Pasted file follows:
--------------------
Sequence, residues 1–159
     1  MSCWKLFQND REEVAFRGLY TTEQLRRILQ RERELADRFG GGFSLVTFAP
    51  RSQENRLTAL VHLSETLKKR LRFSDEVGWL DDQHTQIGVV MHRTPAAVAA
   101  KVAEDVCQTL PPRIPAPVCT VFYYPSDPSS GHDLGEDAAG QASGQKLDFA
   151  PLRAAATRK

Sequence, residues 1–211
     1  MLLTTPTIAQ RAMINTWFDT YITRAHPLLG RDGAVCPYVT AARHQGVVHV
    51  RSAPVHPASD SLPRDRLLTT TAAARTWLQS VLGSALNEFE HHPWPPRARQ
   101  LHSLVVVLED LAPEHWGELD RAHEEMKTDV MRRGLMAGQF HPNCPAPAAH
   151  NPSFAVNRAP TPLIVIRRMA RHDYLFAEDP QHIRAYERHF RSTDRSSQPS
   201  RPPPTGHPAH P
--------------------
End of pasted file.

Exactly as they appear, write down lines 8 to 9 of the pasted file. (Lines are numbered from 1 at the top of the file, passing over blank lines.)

    51  RSAPVHPASD SLPRDRLLTT TAAARTWLQS VLGSALNEFE HHPWPPRARQ
   101  LHSLVVVLED LAPEHWGELD RAHEEMKTDV MRRGLMAGQF HPNCPAPAAH